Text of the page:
Social media may be more than just a distraction for your children. It may also be negatively impacting their mental health.
Research is both positive and negative, showing too much posting and scrolling could lead to depression. This trend is especially documented when children use social media as their main form of interaction instead of actual face-to face exchanges.
A new study published in the journal PLOS out of Hungary looked at nearly 6,000 adolescents. Almost 5 percent of them reported low self-esteem and depression when they had elevated social media use.
The study's authors recommend school-based prevention and intervention programs.
Seton's Child and Adolescent Psychiatrist Julie Alonso-Katzowitz offered some more suggestions on how to combat the problem.
"Having family activities, family dinners where the phone is put away," she said. "Having those little conversations everyday with your kid and checking in with them and knowing where they are going and who their friends are in real life. And trying to monitor some of that online presence as well."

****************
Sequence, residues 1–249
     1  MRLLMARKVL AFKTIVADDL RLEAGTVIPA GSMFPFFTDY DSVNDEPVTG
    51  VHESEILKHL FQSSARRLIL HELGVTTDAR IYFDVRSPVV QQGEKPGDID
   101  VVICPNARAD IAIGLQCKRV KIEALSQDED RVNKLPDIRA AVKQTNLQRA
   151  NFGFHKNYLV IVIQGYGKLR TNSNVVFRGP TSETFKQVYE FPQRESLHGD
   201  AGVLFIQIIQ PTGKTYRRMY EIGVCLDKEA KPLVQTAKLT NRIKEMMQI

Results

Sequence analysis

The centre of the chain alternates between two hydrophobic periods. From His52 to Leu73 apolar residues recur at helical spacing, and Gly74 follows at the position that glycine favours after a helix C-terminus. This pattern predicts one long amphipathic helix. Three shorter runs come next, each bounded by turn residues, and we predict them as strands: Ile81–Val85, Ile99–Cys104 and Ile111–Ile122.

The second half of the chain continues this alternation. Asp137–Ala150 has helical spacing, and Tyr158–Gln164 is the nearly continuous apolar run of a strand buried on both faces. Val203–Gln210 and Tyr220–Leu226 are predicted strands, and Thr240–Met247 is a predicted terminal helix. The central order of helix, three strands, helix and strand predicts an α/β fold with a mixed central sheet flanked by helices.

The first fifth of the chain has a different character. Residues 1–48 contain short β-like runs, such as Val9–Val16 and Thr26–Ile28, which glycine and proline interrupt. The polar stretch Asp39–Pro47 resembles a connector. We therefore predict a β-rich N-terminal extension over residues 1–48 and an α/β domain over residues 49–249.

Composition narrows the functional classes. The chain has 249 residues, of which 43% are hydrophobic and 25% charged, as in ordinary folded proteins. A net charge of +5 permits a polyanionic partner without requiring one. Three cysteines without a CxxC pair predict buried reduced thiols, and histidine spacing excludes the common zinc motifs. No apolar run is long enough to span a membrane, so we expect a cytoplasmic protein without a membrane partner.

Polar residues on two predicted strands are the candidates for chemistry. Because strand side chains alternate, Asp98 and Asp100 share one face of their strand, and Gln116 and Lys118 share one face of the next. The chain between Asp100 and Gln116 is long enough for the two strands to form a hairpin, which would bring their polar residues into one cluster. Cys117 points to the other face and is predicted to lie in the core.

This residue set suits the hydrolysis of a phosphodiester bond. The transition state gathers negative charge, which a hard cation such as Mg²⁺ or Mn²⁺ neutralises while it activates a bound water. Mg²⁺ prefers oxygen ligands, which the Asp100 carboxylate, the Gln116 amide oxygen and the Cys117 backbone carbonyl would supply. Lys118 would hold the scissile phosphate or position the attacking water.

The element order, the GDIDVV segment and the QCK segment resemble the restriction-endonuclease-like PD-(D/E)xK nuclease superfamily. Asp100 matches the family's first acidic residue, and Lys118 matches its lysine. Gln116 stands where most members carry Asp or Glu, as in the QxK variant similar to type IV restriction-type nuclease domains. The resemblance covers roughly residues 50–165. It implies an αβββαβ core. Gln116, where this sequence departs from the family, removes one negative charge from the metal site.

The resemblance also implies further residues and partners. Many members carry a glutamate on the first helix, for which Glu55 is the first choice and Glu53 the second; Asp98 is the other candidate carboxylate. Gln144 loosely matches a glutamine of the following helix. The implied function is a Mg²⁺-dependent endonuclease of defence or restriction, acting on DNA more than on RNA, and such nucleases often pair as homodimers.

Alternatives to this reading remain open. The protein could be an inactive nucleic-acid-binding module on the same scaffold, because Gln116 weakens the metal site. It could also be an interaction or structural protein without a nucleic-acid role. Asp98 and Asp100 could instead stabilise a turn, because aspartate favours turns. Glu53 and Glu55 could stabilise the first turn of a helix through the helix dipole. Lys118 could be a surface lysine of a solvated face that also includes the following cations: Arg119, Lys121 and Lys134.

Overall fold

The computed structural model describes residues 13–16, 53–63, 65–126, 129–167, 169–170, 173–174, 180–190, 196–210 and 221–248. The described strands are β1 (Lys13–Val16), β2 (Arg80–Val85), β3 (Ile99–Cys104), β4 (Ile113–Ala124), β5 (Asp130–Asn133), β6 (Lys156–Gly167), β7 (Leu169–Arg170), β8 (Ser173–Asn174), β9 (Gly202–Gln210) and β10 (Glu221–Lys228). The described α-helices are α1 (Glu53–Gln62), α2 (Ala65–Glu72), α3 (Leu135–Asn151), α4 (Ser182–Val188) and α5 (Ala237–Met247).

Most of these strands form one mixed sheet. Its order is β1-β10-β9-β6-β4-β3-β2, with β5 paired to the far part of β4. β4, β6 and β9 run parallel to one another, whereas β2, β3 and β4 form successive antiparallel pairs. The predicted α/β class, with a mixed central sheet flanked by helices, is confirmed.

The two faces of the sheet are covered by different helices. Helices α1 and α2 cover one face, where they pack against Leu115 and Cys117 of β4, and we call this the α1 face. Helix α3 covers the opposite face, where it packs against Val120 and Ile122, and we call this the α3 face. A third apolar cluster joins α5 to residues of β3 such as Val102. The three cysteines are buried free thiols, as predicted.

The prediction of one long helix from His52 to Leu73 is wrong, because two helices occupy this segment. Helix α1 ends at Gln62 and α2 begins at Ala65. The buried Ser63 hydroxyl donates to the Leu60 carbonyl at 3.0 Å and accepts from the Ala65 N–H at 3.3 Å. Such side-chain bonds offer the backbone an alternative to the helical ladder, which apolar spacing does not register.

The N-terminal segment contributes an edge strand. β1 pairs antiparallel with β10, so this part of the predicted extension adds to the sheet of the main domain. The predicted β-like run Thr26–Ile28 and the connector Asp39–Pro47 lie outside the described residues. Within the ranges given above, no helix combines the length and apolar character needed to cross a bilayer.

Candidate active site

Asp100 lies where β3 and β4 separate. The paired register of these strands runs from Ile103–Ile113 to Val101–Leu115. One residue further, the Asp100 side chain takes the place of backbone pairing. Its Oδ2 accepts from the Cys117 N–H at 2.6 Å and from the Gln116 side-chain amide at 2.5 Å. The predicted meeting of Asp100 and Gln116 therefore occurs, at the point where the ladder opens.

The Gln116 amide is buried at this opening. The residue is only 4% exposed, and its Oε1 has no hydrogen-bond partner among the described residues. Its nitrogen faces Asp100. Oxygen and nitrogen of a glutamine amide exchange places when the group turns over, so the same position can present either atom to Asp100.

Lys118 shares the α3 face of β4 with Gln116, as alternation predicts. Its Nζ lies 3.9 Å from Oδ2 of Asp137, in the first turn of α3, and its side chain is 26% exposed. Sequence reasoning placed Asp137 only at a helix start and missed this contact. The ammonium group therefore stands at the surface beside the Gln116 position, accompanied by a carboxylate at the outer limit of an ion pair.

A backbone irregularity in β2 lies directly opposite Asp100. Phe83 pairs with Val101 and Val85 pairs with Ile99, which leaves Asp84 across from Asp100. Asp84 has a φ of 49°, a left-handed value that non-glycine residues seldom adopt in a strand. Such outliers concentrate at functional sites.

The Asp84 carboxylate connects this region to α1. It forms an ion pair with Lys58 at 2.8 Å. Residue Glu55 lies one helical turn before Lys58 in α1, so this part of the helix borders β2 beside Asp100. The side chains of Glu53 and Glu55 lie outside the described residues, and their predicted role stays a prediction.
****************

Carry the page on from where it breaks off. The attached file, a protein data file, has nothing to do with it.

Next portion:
Why does this happen?
Doctors say sometimes the feelings are connected to jealousy. Children are not as good as adults in deciphering when a post is over-exaggerated, and that could lead them to believe that other people’s lives are more fulfilling, happy or exciting.
Alonso-Katzowitz also suggests starting the conversation at a young age. If you set rules about electronics early and when you need to change the rules you allow the child to be a part of the discussion, that will empower them to succeed and perhaps avoid "Facebook Depression."